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Re: [glas] introducing the storage concept, a first interface specification

From: Toon Knapen (toon.knapen_at_[hidden])
Date: 2005-01-20 06:34:18

Patrick Kowalzick wrote:
> Hi Toon,
>>> to 1.)
>>> For an effective algorithm it is not necessary that the data is
>>> "globaly" consecutive. It might be enough that parts of the data are
>>> "localy" consecutive. E.g. two matrices which are stored in several
>>> vectors (rows or columns) can be added very fast iterating along the
>>> vectors but not across the vectors (but only due to the cache).
>> True. That was also (part of) the idea behind compound_storage. But
>> suppose your matrix uses several vectors to store its elements, you
>> still want to define _where_ these vectors are stored.
>> For maximum flexibility you might want to store them on the heap (this
>> would allow resizing, see later). But for performance reasons you
>> might want them on the stack. This is less flexible however because
>> the size is limited. When treating very large vectors that are too big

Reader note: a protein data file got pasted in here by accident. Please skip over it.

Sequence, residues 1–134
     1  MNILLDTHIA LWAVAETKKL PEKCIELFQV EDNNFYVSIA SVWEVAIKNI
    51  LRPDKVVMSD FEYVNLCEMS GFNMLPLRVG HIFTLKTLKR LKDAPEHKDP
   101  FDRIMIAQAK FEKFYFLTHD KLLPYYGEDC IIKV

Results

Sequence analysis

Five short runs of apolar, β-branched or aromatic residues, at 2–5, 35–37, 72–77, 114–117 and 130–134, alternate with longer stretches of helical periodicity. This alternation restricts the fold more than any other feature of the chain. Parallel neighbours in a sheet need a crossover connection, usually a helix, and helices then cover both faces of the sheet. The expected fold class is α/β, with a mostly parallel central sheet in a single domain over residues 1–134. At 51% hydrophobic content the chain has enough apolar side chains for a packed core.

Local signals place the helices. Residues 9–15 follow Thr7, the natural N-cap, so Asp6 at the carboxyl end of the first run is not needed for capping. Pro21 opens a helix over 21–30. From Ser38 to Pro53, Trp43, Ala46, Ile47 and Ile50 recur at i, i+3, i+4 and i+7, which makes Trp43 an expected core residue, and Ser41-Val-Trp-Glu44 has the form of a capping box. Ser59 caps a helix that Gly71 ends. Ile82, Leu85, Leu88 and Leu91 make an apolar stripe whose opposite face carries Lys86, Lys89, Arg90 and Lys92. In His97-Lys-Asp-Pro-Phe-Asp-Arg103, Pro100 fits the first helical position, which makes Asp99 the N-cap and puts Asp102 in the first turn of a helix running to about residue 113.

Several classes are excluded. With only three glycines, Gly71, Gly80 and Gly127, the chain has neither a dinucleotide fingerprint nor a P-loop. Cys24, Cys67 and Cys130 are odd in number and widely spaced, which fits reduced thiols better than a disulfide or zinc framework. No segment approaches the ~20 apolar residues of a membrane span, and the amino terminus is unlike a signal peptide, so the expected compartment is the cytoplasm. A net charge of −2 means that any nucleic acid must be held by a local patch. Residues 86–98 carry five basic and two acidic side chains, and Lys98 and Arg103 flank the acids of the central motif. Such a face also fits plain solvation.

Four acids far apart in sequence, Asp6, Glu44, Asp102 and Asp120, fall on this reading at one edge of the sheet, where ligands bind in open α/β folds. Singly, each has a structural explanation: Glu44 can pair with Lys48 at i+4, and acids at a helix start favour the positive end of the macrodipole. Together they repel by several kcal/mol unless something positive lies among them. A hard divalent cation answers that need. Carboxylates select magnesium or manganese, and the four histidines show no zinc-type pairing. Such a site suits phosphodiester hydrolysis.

>> to store in memory, you will have to store (part of) your vector in a
>> file. _These_ kind of _optimizations_ are the most important idea
>> behind the storage.
> I do not agree, and the reasons therefor are simple: I do not see a
> reason to chose where to save the data except with the direct use of
> (simple) containers. But it is true that I do not have a reason against.
> So my personal conclusion is easy: I have to test a little bit and try
> some configurations......

IIUC you don't agree that we need soth. like a storage? Don't you think
it would be good to be able to specify if a vector should be stored on
the heap or on the stack? What do you mean by 'simple container' in the
above paragraph?

>>> to 2.)
> like 1.), I have to think.
>>> to 3.)
>>> IMO, only if there is an information if a vector is resizable there
>>> might exist a compile-time check if an addition between two
>>> not-resizable vectors is possible. I do not have an example (and it
>>> might not exist with expressions), but I can also imagine that some
>>> algorithms might need resize and can not always work with a constructor.
>> I think we should respect the dimensions (or size) of the vectors and
>> therefore I think operands first need to be properly dimensioned
>> before using them in an operation. Thus adding 2 vectors requires that
>> both vectors have the same dimension and thus respecting the laws of
>> vector fiels.
> I meant a different thing. If a vector could not be resized _and_ the
> size is known at compile time (possible for stack based), there is an
> information (concept?) needed, to enable compile-time error checking.

I don't think it needs a concept. The error checking you are referring
to can be done by using a BOOST_STATIC_ASSERT.